Dodo doc > Syntax > Literal Values > Collection Literals


Collection literals

List literals

A list is an ordered collection of items. Items of the list are enclosed in square brackets. Collection literals can be used as items. If the item contains a dodo-style block it must be put inside brackets.

Examples:

[1, 2, 3, 6, 12]
[apple, orange, pear]
Rationale: square brackets are reserved for collections, which gives them a unified syntax. The restriction on dodo blocks in list items is unfortunate but necessary as the colon is used in maps.

Set literals

A set is an unordered collection of distinct items. The items of a set literal are enclosed in square brackets and each is prefixed with a colon. There are restrictions on the type of the items in a set.

Examples:

[:apple, :orange, :pear]
[:100, :"Jane", :prettyHouse]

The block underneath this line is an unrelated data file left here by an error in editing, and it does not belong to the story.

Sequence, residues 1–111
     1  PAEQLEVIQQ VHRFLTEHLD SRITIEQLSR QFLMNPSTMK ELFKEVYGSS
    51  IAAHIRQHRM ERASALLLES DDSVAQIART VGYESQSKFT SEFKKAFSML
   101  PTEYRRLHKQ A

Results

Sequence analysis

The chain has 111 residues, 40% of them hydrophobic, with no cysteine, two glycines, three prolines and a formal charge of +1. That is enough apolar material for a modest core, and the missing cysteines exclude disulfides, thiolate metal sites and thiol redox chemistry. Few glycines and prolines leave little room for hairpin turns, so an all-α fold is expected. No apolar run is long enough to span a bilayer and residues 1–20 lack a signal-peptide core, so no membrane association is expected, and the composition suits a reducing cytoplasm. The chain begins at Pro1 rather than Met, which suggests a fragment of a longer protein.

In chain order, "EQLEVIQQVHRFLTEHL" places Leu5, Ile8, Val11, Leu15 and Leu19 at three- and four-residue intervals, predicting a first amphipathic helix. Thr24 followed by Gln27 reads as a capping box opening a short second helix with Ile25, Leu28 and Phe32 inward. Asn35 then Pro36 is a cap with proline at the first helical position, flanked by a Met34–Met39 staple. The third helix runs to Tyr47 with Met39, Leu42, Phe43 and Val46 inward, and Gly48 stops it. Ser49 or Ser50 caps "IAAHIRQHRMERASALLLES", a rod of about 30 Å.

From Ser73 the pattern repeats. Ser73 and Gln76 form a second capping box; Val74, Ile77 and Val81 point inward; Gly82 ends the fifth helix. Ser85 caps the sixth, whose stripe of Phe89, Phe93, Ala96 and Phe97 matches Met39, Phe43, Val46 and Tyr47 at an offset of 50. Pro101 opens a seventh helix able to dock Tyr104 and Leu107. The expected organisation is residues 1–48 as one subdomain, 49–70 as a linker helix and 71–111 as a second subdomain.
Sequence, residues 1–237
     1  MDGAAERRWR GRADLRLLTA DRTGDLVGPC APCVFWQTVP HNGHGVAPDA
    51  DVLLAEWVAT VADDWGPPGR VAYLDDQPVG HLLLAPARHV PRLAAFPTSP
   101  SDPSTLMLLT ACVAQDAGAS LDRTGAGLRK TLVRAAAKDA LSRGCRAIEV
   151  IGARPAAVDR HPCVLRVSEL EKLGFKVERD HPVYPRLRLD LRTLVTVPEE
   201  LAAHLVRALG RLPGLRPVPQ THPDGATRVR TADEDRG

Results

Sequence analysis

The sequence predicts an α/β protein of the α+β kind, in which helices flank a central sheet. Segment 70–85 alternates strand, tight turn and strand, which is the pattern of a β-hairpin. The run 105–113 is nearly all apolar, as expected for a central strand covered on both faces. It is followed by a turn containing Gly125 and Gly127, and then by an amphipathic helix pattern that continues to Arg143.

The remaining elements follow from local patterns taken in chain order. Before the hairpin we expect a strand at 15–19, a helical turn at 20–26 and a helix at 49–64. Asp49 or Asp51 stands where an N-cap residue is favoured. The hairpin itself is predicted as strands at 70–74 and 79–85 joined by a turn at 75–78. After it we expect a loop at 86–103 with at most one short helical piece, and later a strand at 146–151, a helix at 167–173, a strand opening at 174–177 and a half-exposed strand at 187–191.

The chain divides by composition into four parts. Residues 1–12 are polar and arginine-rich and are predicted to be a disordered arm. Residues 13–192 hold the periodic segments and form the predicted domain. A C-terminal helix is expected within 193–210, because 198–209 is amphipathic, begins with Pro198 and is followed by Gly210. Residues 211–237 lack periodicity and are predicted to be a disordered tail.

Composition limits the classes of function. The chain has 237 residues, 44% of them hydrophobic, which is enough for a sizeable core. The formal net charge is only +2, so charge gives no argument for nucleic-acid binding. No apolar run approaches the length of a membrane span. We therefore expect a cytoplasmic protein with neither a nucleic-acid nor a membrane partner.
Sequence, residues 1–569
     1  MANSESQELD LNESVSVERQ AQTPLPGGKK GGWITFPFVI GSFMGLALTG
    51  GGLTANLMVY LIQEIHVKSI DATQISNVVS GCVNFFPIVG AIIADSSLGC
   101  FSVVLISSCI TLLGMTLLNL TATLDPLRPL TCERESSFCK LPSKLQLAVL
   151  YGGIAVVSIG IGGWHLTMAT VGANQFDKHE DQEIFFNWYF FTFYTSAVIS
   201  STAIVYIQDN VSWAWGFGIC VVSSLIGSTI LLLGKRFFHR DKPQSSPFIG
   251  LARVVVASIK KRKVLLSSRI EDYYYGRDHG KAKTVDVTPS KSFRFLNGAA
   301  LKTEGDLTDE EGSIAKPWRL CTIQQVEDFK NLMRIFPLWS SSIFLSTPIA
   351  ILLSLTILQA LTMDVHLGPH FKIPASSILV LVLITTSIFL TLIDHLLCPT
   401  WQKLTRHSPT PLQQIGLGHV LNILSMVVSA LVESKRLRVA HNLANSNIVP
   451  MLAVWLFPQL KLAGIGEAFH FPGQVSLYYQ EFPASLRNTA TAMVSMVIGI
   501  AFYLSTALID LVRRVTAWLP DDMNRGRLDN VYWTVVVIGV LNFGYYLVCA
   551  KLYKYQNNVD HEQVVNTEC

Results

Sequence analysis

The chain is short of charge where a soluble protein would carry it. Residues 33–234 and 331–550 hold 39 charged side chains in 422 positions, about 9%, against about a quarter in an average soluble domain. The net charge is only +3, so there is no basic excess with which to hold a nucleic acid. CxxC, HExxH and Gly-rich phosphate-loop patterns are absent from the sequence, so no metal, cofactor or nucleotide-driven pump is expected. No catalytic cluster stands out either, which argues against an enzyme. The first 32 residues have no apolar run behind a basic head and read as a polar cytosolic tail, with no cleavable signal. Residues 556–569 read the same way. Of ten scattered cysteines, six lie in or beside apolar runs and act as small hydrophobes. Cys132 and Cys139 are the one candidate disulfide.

Rationale: the initial colon clearly distinguishes set elements from list or map items while the square brackets show that a set is also a collection.

Map literals

A map is an unordered collection of key, value pairs. The entries are enclosed in square brackets and a key is separated from the associated value with a colon. Collection literals can be used as values. If the key contains a dodo-style block is must be put inside brackets. There are restrictions on the type of map keys.

Examples:

[apple: [gala, cox], orange: [navel], pear: [conference, comice]]
["Ok": 1, "Cancel": 2]
Rationale: a dodo-style block starts with a colon, hence it cannot appear in the key without brackets. Keys are used to retrieve values from the map so they need to be located efficiently. That puts restrictions on their type.

^ 2.4.3. Special Characters

v 2.4.5. Tuples